UNITED NATIONS (AP) — U.S. Ambassador Samantha Power shrugged off President Vladimir Putin's claim that Russia might support a U.N. resolution authorizing military force against Syria, saying Moscow has held the Security Council "hostage" on the Syria crisis and Washington does not expect that to change.
Power lashed into Russia in her most extensive comments yet on the Syria crisis since starting her job as ambassador to the United Nations last month. Her criticism came as President Barack Obama was in Russia for an economic summit of the G-20 nations.
"Russia continues to hold the Council hostage and shirks its international responsibilities," Power said.
Putin said in an interview with The Associated Press this week that Russia "doesn't exclude" backing military action against Syria if it is proven that President Bashar Assad's regime was behind an Aug. 21 chemical weapons attack near Damascus. Russia has said it is not convinced by the evidence the United States has cited.
The U.S. Mission held briefings Thursday with most U.N. member countries to present the Obama administration's assessment of the attack. Power said the facts presented "overwhelmingly point" to the conclusion that Assad's regime was responsible.
Power said Russia has consistently used its veto power to block Security Council action against Syria since the civil war broke out 2 ½ years ago, or blocked the council from issuing statements by consensus. She said she sees no reason to believe that pattern will change.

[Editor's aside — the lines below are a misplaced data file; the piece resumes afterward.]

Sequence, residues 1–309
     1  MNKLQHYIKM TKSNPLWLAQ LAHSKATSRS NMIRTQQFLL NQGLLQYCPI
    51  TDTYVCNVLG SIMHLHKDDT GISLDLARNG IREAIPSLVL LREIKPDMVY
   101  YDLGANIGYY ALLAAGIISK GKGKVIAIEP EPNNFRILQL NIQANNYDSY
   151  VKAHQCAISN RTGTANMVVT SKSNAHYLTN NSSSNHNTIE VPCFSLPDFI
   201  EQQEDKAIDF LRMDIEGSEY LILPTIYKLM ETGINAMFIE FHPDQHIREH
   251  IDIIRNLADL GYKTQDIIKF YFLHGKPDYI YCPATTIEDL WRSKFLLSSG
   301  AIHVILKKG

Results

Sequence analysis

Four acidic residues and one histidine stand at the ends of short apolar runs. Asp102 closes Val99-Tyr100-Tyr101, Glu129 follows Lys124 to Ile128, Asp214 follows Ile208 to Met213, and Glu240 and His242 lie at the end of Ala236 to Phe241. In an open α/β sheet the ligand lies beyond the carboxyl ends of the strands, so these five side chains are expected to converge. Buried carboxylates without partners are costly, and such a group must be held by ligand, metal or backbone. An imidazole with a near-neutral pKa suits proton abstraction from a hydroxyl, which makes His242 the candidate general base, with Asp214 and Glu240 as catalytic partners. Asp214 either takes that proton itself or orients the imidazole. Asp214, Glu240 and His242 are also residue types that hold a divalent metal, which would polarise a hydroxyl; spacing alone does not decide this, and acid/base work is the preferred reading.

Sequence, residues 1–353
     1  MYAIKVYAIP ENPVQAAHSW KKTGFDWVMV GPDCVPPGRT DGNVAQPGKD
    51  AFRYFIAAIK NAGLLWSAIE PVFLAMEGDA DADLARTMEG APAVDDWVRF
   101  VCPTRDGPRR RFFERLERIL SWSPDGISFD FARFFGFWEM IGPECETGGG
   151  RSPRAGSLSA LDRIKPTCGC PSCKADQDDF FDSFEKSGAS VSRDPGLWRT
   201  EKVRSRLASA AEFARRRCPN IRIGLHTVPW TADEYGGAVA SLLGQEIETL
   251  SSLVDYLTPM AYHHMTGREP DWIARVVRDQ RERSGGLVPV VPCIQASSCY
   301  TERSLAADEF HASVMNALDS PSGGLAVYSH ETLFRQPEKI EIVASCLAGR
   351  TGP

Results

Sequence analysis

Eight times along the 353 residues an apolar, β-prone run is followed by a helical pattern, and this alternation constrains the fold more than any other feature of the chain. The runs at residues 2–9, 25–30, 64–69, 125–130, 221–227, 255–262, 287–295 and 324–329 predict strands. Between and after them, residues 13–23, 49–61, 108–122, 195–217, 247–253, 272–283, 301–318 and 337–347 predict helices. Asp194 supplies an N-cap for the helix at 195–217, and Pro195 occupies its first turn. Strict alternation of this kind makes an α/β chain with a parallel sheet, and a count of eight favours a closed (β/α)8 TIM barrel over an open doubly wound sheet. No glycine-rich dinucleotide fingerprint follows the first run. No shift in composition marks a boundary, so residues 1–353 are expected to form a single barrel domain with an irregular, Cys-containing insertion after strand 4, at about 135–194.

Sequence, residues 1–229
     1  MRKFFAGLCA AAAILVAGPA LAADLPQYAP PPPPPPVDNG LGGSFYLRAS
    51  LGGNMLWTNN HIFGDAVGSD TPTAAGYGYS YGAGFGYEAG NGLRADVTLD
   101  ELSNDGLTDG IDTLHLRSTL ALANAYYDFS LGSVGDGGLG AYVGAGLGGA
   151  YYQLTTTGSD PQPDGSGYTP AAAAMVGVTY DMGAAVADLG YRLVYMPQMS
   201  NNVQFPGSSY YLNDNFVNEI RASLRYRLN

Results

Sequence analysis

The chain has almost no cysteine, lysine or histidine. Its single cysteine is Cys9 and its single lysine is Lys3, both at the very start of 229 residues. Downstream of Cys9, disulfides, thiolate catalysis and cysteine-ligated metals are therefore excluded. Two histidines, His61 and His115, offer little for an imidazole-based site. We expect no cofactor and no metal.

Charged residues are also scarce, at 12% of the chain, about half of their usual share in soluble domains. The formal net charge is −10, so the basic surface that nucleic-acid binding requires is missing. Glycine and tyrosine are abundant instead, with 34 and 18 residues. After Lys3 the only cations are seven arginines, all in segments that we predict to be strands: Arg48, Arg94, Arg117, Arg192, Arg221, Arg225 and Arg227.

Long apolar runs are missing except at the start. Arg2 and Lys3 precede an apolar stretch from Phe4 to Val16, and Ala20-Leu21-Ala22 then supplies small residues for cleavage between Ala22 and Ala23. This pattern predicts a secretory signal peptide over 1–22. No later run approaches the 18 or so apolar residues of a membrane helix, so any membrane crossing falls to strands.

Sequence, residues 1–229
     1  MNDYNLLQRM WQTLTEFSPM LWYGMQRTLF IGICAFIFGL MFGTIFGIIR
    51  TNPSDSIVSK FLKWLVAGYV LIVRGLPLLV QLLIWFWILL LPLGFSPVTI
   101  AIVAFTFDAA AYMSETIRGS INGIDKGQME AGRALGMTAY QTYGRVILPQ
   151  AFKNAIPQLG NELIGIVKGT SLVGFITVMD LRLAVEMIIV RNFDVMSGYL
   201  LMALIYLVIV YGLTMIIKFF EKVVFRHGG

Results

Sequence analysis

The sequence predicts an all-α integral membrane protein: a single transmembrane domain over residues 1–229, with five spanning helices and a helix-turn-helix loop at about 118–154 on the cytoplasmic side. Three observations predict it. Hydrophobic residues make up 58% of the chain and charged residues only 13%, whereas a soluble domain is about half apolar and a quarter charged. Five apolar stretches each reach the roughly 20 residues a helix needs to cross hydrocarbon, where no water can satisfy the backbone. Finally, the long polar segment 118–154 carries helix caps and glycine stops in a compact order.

"I have seen Putin's comments," Power told reporters. "There is nothing in the pattern of our interactions with our colleagues in the Security Council, with our Russian colleagues, that would give us any reason to be optimistic."
"And indeed, we have seen nothing in President Putin's comments that suggest that there is an available path forward at the Security Council," she added.
Russia's U.N. Mission declined to comment on Power's remarks.
Power accused Moscow of exploiting the Security Council's voting system, which lets five major nations hold veto power — Russia, the United States, China, France and Britain.
"The system has protected the prerogatives of Russia, the patron of a regime that would brazenly stage the world's largest chemical weapons attack in a quarter century, when chemical weapons inspectors sent by the United Nations were just across town," Power said.
The U.N. inspectors left Syria over the weekend after gathering evidence for their investigation into the Ghouta attack.
Power said nothing about China, which has more quietly joined Russia in vetoing several Syria resolutions.
Power, a former senior adviser to Obama on human rights, was a strong advocate of U.S. intervention in Libya when Moammar Gadhafi's forces were gaining the upper hand against rebels. She advocated use of U.S. air power, as did then U.N. Ambassador Susan Rice, who is now Obama's s national security adviser.